As anticipated, the Chicago Cubs underwent a significant facelift at the trade deadline. The Theo Epstein rebuilding era has fully commenced for the North Siders, and farm names Cubs fans have long awaited—namely, third baseman Josh Vitters and outfielder Brett Jackson—are now taking the field each night.
Despite the excitement of new faces and a new era of Cubs baseball, after a 3-0 loss to the Cincinnati Reds on Sunday, the youthful Cubs have now dropped 11 of 12, and new call-ups Vitters and Jackson are demonstrating why it took so long for them to make the leap to the majors.
Through six games, Vitters has collected only two hits in 16 plate appearances, and carries and .125 batting average. He has drawn zero walks against five strikeouts, and has generally looked outmatched against big-league pitching. Jackson’s promotion has been equally disappointing through his first six games. In 20 plate appearances, Jackson has fanned 12 times, and none of his three hits have gone for extra bases.
Yes, the sample size at the major league level for these two touted prospects is still extremely small, and brighter days may not be far away. But what if those days don’t come? Both Vitters and Jackson have holes in their games that left many scouts and fans skeptical of their potential success. Both struggle with plate discipline. Both strikeout much more than the Cubs organization would like.
In full rebuild mode, Epstein and the Cubs need a contingency plan in case the likes of Vitters and Jackson do not pan out as all Cubs’ faithful hope. Thankfully, Theo & Co. have made significant strides in revamping the Cubs farm system, and it may already be stronger than it ever was under previous GM Jim Hendry.
Javier Baez, the Cubs first selection (ninth overall) in the 2011 draft, is a raw offensive talent, who many project to make a move to third base. Only 19 years old, he already has an imposing frame at 6’1”, 205 lbs, with a frame that can support an additional 10-20 pounds. Baez is known above all else for having plus bat speed for his age, and has already experienced success at every level of competition. In his limited minor league career, he has compiled a .333 batting average, a .383 on-base percentage, and plus pop. In 213 at-bats, he has 12 home runs, projecting early on to be a 25-30 home-run, middle-of-the-order type bat. Baez’s ceiling has not yet been reached, and he could very well serve as Vitters’ replacement should Vitters fail to meet expectations.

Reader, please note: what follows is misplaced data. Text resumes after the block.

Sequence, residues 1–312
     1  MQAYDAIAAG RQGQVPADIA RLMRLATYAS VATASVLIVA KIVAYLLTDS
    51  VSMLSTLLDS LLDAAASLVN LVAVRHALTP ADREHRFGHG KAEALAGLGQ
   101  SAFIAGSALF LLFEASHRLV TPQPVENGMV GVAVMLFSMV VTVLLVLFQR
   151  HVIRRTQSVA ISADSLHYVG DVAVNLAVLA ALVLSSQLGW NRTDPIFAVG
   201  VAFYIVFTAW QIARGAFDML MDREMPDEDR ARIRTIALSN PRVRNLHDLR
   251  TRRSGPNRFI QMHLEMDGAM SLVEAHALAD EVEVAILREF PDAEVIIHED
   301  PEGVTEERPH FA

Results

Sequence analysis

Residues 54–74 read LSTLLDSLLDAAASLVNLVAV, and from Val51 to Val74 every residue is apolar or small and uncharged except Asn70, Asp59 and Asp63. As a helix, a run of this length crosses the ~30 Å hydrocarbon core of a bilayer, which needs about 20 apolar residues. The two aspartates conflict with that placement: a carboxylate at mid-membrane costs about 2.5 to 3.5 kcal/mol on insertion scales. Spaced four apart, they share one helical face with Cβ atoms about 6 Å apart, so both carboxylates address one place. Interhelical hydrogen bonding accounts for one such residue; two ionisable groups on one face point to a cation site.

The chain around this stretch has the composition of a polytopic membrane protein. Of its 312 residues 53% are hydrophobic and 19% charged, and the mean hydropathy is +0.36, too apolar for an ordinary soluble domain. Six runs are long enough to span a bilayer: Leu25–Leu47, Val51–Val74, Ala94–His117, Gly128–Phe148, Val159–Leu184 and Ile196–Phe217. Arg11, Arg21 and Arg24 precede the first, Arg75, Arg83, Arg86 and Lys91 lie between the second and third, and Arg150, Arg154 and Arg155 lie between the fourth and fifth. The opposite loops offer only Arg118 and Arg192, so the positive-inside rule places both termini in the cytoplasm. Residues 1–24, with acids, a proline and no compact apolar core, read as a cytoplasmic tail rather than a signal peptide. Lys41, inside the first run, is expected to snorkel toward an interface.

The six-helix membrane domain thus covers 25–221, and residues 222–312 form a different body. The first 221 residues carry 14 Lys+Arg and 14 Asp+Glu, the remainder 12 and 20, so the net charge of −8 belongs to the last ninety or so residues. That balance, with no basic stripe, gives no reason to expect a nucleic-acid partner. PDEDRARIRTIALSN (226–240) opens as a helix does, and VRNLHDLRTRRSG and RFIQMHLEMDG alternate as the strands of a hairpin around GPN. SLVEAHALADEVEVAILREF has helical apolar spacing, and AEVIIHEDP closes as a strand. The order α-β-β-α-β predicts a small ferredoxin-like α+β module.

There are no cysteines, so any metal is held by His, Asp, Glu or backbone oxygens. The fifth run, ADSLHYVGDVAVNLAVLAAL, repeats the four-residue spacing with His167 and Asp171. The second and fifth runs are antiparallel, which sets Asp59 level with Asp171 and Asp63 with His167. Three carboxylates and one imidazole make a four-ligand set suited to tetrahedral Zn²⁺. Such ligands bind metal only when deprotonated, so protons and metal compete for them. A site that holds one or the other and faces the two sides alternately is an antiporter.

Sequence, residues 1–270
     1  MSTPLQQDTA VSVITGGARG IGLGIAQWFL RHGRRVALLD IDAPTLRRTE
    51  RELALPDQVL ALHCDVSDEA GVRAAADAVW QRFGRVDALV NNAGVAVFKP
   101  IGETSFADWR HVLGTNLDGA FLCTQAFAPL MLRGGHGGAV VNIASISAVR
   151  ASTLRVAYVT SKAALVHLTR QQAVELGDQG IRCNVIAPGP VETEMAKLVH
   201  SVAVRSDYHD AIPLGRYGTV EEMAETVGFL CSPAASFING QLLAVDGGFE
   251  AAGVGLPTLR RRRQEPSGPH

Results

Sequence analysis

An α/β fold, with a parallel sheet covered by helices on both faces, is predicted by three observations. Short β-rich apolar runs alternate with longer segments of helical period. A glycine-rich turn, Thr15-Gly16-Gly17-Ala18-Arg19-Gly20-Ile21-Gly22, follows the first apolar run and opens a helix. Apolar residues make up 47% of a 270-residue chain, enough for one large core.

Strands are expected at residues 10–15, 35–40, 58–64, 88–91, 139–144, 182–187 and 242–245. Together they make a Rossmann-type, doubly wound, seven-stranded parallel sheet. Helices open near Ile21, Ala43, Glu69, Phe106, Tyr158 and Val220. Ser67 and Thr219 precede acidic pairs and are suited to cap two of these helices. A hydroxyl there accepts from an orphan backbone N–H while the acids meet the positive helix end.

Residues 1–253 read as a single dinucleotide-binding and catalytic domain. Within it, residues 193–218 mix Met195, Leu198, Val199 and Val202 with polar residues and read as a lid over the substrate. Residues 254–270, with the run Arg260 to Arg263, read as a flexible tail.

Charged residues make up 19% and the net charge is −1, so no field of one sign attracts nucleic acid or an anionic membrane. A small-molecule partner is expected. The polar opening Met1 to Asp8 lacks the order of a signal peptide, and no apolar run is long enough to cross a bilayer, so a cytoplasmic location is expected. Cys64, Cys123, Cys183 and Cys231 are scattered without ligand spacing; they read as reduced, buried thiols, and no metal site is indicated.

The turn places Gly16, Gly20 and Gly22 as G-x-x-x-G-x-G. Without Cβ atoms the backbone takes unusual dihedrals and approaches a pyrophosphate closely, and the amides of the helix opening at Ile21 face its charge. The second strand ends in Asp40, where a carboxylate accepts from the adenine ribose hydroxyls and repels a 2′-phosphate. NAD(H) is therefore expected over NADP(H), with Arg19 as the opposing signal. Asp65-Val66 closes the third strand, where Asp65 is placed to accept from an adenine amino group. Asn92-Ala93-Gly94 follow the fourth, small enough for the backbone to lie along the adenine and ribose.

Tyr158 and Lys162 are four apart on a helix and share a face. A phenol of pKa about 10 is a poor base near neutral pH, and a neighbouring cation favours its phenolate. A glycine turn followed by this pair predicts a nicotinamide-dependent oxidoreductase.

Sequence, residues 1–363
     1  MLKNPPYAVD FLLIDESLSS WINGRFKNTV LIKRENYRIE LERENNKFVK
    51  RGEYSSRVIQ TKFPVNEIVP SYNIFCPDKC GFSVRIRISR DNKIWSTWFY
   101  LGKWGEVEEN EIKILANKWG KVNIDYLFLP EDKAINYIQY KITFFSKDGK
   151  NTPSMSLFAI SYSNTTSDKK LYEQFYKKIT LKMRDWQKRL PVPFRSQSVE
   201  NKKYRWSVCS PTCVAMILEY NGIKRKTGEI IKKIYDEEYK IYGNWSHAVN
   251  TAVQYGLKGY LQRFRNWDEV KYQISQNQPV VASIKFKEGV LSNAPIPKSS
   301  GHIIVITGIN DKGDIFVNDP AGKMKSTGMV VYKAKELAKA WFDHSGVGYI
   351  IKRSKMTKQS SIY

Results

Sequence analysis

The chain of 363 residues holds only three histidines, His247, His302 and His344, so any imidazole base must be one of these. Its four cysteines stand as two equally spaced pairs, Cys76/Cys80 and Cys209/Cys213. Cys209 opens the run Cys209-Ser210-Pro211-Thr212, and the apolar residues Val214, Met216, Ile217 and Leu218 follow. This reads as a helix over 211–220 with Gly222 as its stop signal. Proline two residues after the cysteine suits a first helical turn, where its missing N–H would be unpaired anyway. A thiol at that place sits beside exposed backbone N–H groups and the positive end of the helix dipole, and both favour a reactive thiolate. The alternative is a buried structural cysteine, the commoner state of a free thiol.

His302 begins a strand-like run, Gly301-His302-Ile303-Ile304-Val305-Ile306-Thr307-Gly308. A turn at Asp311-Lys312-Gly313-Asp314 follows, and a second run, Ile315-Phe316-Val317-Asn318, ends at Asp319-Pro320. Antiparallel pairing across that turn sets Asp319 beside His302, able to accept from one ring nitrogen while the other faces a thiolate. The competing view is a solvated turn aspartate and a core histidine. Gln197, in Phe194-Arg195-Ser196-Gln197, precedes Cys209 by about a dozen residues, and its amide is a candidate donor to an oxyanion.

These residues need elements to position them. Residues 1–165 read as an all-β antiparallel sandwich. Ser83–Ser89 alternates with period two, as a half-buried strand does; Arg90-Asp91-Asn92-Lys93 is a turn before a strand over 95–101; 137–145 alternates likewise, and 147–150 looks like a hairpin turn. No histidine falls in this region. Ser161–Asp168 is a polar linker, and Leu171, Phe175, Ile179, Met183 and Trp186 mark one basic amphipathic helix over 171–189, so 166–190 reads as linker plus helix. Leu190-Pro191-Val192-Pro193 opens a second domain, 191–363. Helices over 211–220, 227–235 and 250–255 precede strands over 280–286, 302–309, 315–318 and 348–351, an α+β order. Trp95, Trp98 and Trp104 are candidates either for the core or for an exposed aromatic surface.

Jorge Soler and Albert Almora are both 2012 additions to the Chicago Cubs system, and the organization could not be more excited to have them. Almora projects to have a faster ascent to Chicago than Soler, but both are the five-tool type prospect. Through 16 games, Almora is finding his groove in the Rookie Arizona League. He has already driven in nine runs, and hit his first professional level four-bagger in his first ever at bat. He is still only 18 years old.
Soler has a more interesting back story than Almora, having defected from his native Cuba to pursue his dream baseball career in the US. He also could turn out to be the more interesting prospect. Having split his 17 game minor league career between the Rookie Arizona League and the Cubs Single A affiliate, the Peoria Chiefs, Soler has already contributed to the tune of three home-runs and 16 RBI. Like Baez, Soler has a major league frame at 6’3”, 205. And, like Baez, Soler has the build to add 10-20 pounds of muscle.
The Chicago Cubs will give Josh Vitters and Brett Jackson every chance to prove they deserve to stay in the Bigs. But for the first time in a long time, it seems the Cubs future successes will not be placed on the shoulders of one or two big name players. Prospects like Baez, Almora, and Soler provide that much needed insurance.
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